Volunteers plant ambitious ‘food forest’ on Leichtag land

Jolene and Talia Rabkin were among the 200 Coastal Roots Farm volunteers on Jan. 24 who planted trees for a "food forest" at the Leichtag Foundation property.
Jolene and Talia Rabkin were among the 200 Coastal Roots Farm volunteers on Jan. 24 who planted trees for a "food forest" at the Leichtag Foundation property. — Photo by Fiona Leung

A “food forest” that will welcome community foraging, feed the poor and train the next generation of farmers recently took root at the Leichtag Foundation property in Encinitas.

More than 200 volunteers on Jan. 24 planted 1,000 trees along sloped Leichtag land, with ocean views as the backdrop. The food forest — an ecosystem of edible plants and fruit-bearing trees — will begin sprouting produce in a few years.

"The food forest in the long term will be accessible during daylight hours for the public to pick produce,” said Daron “Farmer D” Joffe, the foundation’s director of agricultural innovation and development. He added foraging will be supervised by staff, and donations will be welcome to maintain the forest.

A large chunk of the yield will also go to the food insecure to honor the Jewish tradition of leaving the corners of one’s property for the poor. It’s but one example of the Leichtag Foundation, a Jewish philanthropic organization, rebooting ancient growing practices.

“We see this as an opportunity to demonstrate agricultural traditions to the wider community,” said Joffe while strolling across the food forest.

In 2012, the foundation bought the 67-acre site at 441 Saxony Road, which was internationally known for the Paul Ecke Ranch poinsettias that once grew there. The foundation has already dedicated much of the property to agriculture, and the food forest will ultimately cover 8 acres.

Food forests — an age-old, low-maintenance way of growing food — have become trendy in recent years in cities like Seattle. But because the concept is still new to many, the Leichtag Foundation hopes its forest becomes a model for others to follow.

“The idea is to show how having a fresh source of produce is important to a community,” Joffe said. “We’ve already started sharing our best practices.”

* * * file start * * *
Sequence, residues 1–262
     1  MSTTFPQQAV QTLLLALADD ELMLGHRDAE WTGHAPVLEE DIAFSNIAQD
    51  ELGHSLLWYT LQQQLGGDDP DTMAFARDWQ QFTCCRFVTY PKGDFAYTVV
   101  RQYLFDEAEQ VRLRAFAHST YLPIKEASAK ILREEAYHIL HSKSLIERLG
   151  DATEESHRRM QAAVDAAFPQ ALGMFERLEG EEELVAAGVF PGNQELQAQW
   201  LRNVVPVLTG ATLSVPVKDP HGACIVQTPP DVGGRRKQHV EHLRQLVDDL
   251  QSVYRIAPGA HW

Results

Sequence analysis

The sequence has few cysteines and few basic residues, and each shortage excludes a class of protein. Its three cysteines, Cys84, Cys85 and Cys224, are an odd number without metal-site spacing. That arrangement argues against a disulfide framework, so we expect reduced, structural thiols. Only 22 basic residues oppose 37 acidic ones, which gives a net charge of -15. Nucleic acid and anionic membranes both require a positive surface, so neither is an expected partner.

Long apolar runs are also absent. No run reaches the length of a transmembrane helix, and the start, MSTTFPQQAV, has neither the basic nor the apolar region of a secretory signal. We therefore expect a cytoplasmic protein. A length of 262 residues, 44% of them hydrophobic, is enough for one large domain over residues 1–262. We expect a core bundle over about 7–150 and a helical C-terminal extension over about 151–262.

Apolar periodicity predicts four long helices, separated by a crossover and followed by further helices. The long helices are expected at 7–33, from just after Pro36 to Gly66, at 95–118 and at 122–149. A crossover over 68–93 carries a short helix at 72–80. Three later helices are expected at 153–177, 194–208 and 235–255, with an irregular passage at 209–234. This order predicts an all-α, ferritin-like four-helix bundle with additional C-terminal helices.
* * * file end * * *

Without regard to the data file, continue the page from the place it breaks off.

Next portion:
A recipient of this knowledge was the Encinitas Union School District, which recently started a small food forest just across from the Leichtag site on Quail Gardens Drive.

The Leichtag forest will eventually double as an access trail during the day, since it will run from the eastern edge of the property on Quail Gardens Drive to the western border on Saxony Road. Joffe said this path, combined with plans to make Encinitas Boulevard more walkable, will encourage pedestrians in the area to make their way to the coast.

Careful planning went into the project — determining which trees to plant first to shade the varieties that don’t like as much sun, finding the ideal drip irrigation, landscaping to optimize rainwater harvesting and thinking about how to create layers of interconnected, self-sustaining vegetation.

Plans also had to account for chickens, goat and sheep that will roam part of the food forest once the trees mature.

“It’s called stacking functions,” Joffe explained. “You’re getting both abundant orchards, and you’re getting grazing grounds for animals. You can grow certain trees, and as you chop and drop, the animals can eat what falls.”

Leichtag staff and volunteers had plenty of time to get ready for planting, because late 2014 into fall 2015 marked the once-every-seventh-year practice of shmita, a time when many Jews refrain from growing crops in the ground.

Now the goal is to plant as much as possible to mimic nature.

“We’re basically taking ecological succession, which happens naturally on a landscape like this over the course of decades, and we’re speeding it up so the forest grows produce quickly,” said Yasha Magarik, a Leichtag arborist who headed the project.

Volunteers planted everything from fig to pomegranate trees, with plenty of varieties that are in danger of dying out. The aim is to preserve agricultural diversity, as well as history.

“A lot of these pomegranate varieties, for instance, they represent a culture of central Asia and Russia that you don’t want to lose,” said Magarik, who sourced rare trees from nurseries across Southern California.

Magarik, who has been working on the food forest for the last two years, propagated other trees in a nearby greenhouse on the site.

Fittingly, the food forest took root on the annual agricultural holiday of Tu B'Shevat, the Jewish New Year for the Trees. Volunteers will be asked during future Tu B'Shevats to play a part in the food forest’s evolution.

“In Israel, they plant trees on this day as reforestation, and we too wanted to restore the land,” Magarik said.

Volunteer Chris Ponzi, who was covered in dirt, said an interest in permaculture led him to lend a hand.

“I firmly believe in what we’re doing — building community and putting innovative agriculture into practice,” Ponzi said.

Ari Katzenellenbogen, 8, said planting was “more fun than I thought it would be.”

The Leichtag Foundation provided the infrastructure to launch the food forest, and Coastal Roots Farm, a Leichtag-affliated nonprofit, will manage it. Down the line, apprentices will tend to the animals and trees.

“That’s a critical piece for us — we want to train farmers who launch food forests and farms around the country,” Joffe said.

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